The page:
The US Food and Drug Administration granted accelerated approval to Merck & Co’s Keytruda (pembrolizumab) for patients with advanced or unresectable melanoma who are no longer responding to other drugs.

For melanoma patients whose tumors express a gene mutation called BRAF V600, Keytruda is intended for use after treatment with ipilimumab and a BRAF inhibitor.

Keytruda is the first approved drug that blocks a cellular pathway known as PD-1, which restricts the body’s immune system from attacking melanoma cells. Keytruda is intended for use following treatment with ipilimumab, a type of immunotherapy. For melanoma patients whose tumors express a gene mutation called BRAF V600, Keytruda is intended for use after treatment with ipilimumab and a BRAF inhibitor.

Keytruda is the sixth new melanoma treatment approved since 2011. The five prior FDA approvals for melanoma include: ipilimumab (2011), peginterferon alfa-2b (2011), vemurafenib (2011), dabrafenib (2013), and trametinib (2013).??The FDA granted Keytruda breakthrough therapy designation because the sponsor demonstrated through preliminary clinical evidence that the drug may offer a substantial improvement over available therapies. It also received priority review and orphan product designation.

Keytruda’s efficacy was established in 173 clinical trial participants with advanced melanoma whose disease progressed after prior treatment. All participants were treated with Keytruda, either at the recommended dose of 2 milligrams per kilogram (mg/kg) or at a higher dose of 10 mg/kg. In the half of the participants who received Keytruda at the recommended dose of 2 mg/kg, approximately 24% had their tumors shrink. This effect lasted at least 1.4 to 8.5 months and continued beyond this period in most patients. A similar percentage of patients had their tumor shrink at the 10 mg/kg dose.

Keytruda’s safety was established in the trial population of 411 participants with advanced melanoma. The most common were fatigue, cough, nausea, pruritus, rash, decreased appetite, constipation, joint arthralgia, and diarrhea. Keytruda also has the potential for severe immune-mediated side effects. In the 411 participants with advanced melanoma, severe immune-mediated side effects involving healthy organs, including the lung, colon, hormone-producing glands, and liver, occurred uncommonly.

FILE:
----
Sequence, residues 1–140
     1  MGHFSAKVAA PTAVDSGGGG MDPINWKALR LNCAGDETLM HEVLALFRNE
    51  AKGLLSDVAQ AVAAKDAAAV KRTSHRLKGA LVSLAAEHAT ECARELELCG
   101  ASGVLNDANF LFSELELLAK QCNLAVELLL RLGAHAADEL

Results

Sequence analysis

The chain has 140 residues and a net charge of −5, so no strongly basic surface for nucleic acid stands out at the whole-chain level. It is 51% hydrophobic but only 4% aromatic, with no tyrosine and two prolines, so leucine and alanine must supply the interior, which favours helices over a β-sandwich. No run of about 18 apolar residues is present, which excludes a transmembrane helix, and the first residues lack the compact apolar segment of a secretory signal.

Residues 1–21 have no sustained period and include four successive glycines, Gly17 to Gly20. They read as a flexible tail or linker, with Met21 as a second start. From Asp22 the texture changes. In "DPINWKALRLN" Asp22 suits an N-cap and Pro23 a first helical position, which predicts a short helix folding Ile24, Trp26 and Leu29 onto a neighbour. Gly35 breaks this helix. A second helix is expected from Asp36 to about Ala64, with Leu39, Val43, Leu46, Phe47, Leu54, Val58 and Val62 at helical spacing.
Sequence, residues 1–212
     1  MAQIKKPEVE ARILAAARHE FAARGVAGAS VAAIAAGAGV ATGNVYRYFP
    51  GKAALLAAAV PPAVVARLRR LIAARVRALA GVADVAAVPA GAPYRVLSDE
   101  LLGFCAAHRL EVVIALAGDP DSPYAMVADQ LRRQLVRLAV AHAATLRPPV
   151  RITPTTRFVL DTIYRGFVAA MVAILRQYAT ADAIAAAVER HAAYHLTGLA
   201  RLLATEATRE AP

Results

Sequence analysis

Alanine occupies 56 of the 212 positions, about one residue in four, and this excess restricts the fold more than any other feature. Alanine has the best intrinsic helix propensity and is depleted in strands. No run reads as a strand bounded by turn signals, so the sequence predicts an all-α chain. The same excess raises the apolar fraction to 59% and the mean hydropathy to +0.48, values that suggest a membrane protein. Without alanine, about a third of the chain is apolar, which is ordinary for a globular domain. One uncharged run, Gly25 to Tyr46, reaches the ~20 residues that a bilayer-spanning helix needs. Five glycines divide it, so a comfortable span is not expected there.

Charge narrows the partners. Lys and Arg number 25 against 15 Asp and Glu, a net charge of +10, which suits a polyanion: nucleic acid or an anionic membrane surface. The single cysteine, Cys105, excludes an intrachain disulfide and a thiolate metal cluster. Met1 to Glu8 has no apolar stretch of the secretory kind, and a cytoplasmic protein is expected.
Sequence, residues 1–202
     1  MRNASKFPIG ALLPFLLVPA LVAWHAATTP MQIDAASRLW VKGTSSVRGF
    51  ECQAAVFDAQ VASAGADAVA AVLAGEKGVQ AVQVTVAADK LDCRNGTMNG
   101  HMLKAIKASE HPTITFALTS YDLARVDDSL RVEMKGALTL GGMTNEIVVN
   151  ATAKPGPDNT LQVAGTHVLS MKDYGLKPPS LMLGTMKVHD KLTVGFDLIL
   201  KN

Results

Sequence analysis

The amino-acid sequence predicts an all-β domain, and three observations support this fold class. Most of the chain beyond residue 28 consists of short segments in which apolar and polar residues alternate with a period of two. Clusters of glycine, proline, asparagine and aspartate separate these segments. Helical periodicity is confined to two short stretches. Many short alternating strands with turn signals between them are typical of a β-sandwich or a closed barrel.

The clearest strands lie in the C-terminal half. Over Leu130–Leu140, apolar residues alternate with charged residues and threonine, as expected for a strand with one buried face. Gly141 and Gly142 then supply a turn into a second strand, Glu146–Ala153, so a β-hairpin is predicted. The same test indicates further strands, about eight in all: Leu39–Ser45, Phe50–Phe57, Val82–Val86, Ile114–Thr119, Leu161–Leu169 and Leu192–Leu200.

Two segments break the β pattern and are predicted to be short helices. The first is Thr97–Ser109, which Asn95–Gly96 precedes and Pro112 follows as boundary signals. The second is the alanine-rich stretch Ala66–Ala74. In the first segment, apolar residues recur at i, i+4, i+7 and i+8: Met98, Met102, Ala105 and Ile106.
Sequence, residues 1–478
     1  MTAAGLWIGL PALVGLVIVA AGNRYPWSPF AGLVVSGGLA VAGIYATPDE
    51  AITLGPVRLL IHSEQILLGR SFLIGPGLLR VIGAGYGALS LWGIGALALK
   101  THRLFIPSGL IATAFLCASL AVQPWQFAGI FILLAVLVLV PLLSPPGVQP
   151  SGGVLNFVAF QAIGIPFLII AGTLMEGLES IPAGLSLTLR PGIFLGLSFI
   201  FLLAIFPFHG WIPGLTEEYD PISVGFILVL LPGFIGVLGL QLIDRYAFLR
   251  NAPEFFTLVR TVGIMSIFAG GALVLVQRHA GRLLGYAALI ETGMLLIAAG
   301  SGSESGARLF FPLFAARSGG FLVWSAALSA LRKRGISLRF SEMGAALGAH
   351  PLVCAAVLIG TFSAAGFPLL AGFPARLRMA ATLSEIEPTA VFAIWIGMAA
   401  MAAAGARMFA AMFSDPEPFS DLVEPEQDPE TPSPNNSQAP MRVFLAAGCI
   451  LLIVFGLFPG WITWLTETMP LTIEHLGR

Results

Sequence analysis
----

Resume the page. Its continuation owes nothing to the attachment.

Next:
Jeffrey S. Weber, MD, PhD, director of the Donald A. Adam Comprehensive Melanoma Research Center of Excellence at Moffitt Cancer Center, and one of the lead investigators of the PD-1 clinical trial which led to the drug receiving breakthrough status from the FDA, spoke with PSP about the new approval and what it means for patients with melanoma. “It’s an excellent drug,” he says. “It’s easy to tolerate and easy to give.”

Trials will soon begin that will look at the agent as secondary prevention among people with stage III or IV melanoma, he says.

Watch a video of Moffitt Patient Bob sharing his experience on a Merck & Co clinical trial of Keytruda that help shrink metastatic melanoma tumors in his lung patient now.

Survival statistics are not available because the endpoints of the trial that led to the accelerated approval were response rate and duration of response. That said, “a little cocktail napkin math tells is we are looking at a 2-year medial survival benefit,” he says.

The drug’s approval is good news in and of itself, but it also heralds a changing tide in the treatment for melanoma.

“Melanoma is a poster child for targeted therapy and always has been a poster child for immunotherapy, where it has been ahead of the curve,” he says.

Calling it “the Rodney Dangerfield effect,” he says that immunotherapy never got any respect, but you will find that all of a sudden it’s getting respect. “There will never be a good time to get melanoma, but it’s a better time than ever to be treated for melanoma, and the longer you go without needing treatment, the better you will do.”